Don't read it
. Like his idiological antipole Stephen King
, Tom Clancy
's work has degraded
steadily and continuously over the years to the point
where this fetid
pile of shit
gets released and millions of dolt
s, myself included
, buy it just out of intertia
. Well no more
, I say. The line is drawn here
. No more Clancy for me.
Why did I hate it, you ask? Well, there are three things that really bugged me.
- The characters are all the same
You know how in some pulp novels, all the bad guys seem to have exactly the same viewpoint and philosophy? (A good example, by no meanse exhaustive, is anything written by Ayn Rand). Well, Rainbow Six is the first book I've read in which this condition is applied instead to the good guys. Every single hero in the book feels exactly the same way about every issue. They're not even one-dimensional...they actually have to share the persona of one one-dimensional character. Although the various terrorists we meet are also cut-out characters, at least they are distinct: Each group has different approaches to its craft, and different motives for its actions. Only one character in the book has any substantial depth, and he's a bad guy.
- His evil movement is a pretty silly choice.
After taking care of the standard bad guys--Communists, Iranians, Drug Lords, Irish Insurgents, and the Japanese (Hmm, we still don't have one for the Chinese yet...)--Clancy has turned his eye towards environmentalists as his new bad guys. Yes, it turns out that if the Sierra Club isn't doing enough for you, you can always join the group that plans to save the world by releasing a devestating virus that will wipe out all but a couple million people on earth. And, in the same vein as his earlier novels, every single subscriber to the beliefs of environmentalism is portrayed as sympathetic to the cause. Clancy writes as though all he got all his information on Greenpeace from conversations with Naval officers.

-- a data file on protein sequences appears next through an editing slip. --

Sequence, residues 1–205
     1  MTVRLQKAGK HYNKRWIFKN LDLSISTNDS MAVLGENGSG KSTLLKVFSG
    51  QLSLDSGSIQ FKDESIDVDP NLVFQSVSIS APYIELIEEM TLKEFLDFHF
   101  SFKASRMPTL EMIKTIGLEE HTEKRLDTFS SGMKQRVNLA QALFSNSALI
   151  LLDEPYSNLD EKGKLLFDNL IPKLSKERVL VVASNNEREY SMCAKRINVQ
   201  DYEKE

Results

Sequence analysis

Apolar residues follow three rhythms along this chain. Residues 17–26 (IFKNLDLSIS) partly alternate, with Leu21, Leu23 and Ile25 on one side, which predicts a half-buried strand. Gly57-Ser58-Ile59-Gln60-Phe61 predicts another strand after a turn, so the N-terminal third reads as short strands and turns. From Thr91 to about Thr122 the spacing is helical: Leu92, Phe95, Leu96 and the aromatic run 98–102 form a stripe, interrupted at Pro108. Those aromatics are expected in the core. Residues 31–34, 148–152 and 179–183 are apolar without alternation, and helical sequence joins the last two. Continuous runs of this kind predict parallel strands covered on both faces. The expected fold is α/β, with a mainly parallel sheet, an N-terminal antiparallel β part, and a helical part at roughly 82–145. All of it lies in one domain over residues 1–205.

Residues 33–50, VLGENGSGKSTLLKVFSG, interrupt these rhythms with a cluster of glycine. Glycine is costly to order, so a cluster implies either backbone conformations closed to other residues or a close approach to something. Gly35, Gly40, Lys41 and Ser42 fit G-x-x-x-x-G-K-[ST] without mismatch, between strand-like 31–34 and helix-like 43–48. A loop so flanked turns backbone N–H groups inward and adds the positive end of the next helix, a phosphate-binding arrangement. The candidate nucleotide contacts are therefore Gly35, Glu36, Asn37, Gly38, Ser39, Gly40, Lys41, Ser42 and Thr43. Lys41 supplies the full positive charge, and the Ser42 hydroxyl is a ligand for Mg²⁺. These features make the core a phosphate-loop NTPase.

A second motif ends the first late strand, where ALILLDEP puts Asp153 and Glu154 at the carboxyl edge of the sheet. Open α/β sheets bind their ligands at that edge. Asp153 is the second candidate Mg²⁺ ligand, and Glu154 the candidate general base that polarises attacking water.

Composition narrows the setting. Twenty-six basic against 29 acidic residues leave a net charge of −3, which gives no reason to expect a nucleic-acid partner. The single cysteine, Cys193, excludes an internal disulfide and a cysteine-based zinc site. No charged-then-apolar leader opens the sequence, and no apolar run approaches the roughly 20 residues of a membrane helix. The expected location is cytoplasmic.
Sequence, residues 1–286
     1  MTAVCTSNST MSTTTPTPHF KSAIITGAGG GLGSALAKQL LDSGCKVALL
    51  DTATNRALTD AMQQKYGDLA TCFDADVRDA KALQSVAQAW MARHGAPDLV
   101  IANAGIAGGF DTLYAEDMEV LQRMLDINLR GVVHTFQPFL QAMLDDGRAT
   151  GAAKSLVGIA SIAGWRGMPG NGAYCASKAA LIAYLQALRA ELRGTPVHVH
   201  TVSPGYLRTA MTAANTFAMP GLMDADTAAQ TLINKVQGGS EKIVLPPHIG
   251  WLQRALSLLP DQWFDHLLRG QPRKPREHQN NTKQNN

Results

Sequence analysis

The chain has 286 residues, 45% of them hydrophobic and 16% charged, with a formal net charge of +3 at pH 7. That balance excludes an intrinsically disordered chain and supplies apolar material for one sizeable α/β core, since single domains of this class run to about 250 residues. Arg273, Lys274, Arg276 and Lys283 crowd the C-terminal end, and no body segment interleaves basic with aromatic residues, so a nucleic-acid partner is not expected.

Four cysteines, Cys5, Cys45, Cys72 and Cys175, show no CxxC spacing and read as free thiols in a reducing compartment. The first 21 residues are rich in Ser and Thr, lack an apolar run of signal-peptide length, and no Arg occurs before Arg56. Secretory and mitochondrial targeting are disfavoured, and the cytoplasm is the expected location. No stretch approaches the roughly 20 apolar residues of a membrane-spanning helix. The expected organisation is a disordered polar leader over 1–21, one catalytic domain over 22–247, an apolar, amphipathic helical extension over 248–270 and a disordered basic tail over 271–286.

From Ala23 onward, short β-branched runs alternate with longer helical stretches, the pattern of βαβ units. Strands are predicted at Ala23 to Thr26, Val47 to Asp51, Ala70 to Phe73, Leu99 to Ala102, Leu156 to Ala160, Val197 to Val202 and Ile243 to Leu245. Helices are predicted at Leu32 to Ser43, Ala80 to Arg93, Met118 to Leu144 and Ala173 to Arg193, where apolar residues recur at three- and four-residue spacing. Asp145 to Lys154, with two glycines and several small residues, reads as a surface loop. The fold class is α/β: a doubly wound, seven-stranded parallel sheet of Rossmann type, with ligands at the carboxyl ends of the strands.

- He has a strange obsession with exploding heads.
You can't turn five pages without coming across a description of someone's head exploding as a bullet passes through it. In a kind of survey of the phenomenon, Clancy composes an ode to the Platonic Idea of the exploding head by describing it from all perspectives; from the perspective of the trigger man, from the perspective of the victim, from the perspective of the head as an object, from the perspective of the bullet, from the perspective of the witnesses, in every tense and time frame. Even the potential of exploding heads is explored ("Had Ding been firing at a real terrorist instead of a target, his brains would be all over the wall.")
After reading this book, I thought it sucked
so hard, I actually went to the library
and checked out a Clancy book I had enjoyed
before, Clear and Present Danger
, to see if this sucking was a new thing for Clancy, or if he had always sucked this hard, and I had never noticed. My conclusion: Clancy sucked back then too, but it was in the mechanics of writing and story development that he had since polished
as his actual storytelling skills
My advice: Stay away from this book, and everything else Clancy has written after The Sum of All Fears, which I thought was pretty good.